Keep It Current.
A binding nomination provided to the trustee of a public offer superannuation fund will generally lapse if it is not confirmed or renewed within three years of it being made, leaving the distribution of your superannuation benefits to the discretion of the trustee of your superannuation fund. So make sure you stay up to date and keep it current. We can help.

If you are concerned about how your superannuation benefits will be distributed, a properly made and executed binding death benefit nomination can give you peace of mind. Brien Leibinger Lawyers can help. Contact us today on (07) 4225 5420 or info@leibingerlawyers.com.au

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I cannot thank you enough for your wisdom and excellent advice during the process of reviewing, updating and redrafting the multiple documents within my Estate. The legal complexities of the various documents were clearly explained and I felt comfortable in requesting multiple changes to the drafts ensuring their integrity and that the outcomes in each of the documents was exactly what I wanted and could be easily understood in plain English rather than legal jargon.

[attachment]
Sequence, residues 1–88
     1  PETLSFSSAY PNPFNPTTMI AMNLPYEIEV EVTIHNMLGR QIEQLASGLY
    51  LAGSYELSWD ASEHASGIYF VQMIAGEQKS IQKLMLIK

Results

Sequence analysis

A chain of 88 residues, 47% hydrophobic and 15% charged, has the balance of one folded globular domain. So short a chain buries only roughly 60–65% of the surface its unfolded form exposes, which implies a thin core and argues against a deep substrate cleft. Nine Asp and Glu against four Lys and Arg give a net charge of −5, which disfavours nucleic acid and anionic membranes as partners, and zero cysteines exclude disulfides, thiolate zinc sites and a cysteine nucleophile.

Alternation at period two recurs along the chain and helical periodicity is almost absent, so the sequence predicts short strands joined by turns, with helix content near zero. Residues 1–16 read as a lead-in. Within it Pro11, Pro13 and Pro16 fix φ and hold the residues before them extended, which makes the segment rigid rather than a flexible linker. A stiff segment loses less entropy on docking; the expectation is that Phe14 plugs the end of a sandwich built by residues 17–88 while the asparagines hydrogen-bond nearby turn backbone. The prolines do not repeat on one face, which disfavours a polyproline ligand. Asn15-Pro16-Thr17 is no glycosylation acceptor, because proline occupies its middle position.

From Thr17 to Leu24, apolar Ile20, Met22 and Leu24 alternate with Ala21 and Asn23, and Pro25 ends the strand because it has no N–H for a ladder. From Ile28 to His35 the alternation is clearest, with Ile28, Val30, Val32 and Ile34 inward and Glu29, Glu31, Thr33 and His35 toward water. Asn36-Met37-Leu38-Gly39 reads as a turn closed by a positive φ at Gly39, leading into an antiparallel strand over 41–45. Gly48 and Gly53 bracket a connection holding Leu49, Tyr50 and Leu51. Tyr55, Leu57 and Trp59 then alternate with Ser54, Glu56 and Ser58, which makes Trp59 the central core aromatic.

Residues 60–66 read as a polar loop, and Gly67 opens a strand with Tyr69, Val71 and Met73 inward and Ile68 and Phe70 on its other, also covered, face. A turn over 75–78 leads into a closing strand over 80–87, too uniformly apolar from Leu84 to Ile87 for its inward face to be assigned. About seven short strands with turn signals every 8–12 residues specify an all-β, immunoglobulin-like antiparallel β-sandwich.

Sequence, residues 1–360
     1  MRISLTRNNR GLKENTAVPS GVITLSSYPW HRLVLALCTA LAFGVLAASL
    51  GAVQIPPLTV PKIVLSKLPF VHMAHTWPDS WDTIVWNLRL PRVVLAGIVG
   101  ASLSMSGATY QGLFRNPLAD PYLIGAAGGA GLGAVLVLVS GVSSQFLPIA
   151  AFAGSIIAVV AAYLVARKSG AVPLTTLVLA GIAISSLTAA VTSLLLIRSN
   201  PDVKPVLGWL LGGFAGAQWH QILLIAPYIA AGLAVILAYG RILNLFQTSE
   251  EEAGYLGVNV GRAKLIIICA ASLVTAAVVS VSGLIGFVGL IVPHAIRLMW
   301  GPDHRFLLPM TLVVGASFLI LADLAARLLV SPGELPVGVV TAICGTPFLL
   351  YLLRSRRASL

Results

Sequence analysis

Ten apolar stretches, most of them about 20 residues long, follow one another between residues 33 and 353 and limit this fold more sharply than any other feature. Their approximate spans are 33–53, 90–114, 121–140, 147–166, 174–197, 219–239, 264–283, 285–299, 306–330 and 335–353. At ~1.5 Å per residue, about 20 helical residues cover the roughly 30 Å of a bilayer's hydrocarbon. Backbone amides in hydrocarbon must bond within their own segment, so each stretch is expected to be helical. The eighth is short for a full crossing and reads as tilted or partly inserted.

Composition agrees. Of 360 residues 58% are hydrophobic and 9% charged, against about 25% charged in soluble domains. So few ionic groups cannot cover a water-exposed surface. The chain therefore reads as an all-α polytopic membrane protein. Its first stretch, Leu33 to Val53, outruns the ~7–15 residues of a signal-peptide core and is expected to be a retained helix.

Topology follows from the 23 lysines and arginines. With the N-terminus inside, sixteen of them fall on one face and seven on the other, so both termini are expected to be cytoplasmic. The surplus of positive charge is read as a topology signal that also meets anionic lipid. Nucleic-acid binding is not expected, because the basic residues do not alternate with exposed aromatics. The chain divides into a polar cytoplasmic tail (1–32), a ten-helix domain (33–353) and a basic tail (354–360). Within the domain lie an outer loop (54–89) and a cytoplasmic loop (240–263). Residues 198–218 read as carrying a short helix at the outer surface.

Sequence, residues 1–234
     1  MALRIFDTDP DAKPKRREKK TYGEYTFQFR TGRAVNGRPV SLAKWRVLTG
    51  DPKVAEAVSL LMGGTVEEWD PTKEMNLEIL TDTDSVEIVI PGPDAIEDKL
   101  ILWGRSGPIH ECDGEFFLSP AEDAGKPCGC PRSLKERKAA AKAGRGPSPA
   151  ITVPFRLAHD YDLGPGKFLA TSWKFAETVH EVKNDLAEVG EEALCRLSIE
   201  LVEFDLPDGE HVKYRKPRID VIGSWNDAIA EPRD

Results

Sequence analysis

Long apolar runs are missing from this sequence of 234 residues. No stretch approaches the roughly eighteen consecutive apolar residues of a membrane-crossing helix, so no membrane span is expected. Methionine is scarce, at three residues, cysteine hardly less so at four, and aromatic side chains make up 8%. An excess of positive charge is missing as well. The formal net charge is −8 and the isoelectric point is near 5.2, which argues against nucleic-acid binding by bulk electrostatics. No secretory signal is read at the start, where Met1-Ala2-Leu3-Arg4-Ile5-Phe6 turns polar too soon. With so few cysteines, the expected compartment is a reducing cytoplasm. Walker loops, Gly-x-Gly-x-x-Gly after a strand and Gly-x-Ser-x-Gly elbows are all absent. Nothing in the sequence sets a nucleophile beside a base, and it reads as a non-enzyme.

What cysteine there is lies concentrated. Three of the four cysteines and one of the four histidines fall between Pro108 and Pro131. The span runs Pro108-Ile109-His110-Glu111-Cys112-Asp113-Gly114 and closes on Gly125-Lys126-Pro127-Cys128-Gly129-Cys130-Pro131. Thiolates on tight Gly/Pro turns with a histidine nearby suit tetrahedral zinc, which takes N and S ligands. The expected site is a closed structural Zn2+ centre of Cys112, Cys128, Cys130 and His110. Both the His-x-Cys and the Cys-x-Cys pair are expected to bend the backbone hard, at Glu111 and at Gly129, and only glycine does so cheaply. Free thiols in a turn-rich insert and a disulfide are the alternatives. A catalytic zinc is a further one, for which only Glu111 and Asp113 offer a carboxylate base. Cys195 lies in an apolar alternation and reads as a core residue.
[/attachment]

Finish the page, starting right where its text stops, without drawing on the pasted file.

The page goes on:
Patsy Bjerregaard AM

Brien has attended to private family matters including the formulation of Wills for the family. I have found Brien Leibinger Lawyers very efficient, cost effective and diligent in the various assignments. Apart from the legal issues, I have found Brien to be a good friend and his advice from time to time has been very valuable. I would not hesitate to recommend Brien Leibinger Lawyers to anyone requiring a good lawyer in Cairns.

Sir Peter Barter. GCL, OBE, Kt - Melanesian Tourist Services Ltd

It was on the occasion of the death of my sister last year in August, I found that I was in need of a solicitor with more than average abilities. You were the person who was recommended to me by a friend in the legal profession, and my daughter-in-law who practices as a lawyer in the UK was able to meet you while in Cairns for the time of the funeral, and was in agreement for me to hire your services. Their confidence in you has more than proved itself as you guided me in the execution of my duties as the Executor Ruby’s Will and the handling of her Estate. When probate was given we were faced with the task of not only with the distributing of her personal bequest to family, but there were 16 beneficiaries to benefit with the residual of the Estate which amounted to about 4 million dollars. I can honestly say that with your professional equipping, there were no times when any real dramas eventuated where with you were not able to find the best advice which you gave, for which our family and I are truly grateful. Allow me to thank you once again, and to this my family wish me to add their appreciation. If I were asked to recommend you and your staff for your personal care, understanding, and professionalism, this I would do without hesitation.